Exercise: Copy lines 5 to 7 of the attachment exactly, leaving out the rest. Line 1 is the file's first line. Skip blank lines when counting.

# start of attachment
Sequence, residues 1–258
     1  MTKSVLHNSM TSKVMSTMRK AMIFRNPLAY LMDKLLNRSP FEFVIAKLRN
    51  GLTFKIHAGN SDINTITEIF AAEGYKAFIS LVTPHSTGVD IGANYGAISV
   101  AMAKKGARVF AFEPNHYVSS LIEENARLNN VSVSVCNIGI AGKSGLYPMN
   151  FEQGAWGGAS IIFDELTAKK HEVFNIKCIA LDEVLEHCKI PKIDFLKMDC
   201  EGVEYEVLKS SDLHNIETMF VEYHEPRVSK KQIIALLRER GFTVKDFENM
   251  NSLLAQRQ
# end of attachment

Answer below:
   151  FEQGAWGGAS IIFDELTAKK HEVFNIKCIA LDEVLEHCKI PKIDFLKMDC
   201  EGVEYEVLKS SDLHNIETMF VEYHEPRVSK KQIIALLRER GFTVKDFENM
   251  NSLLAQRQ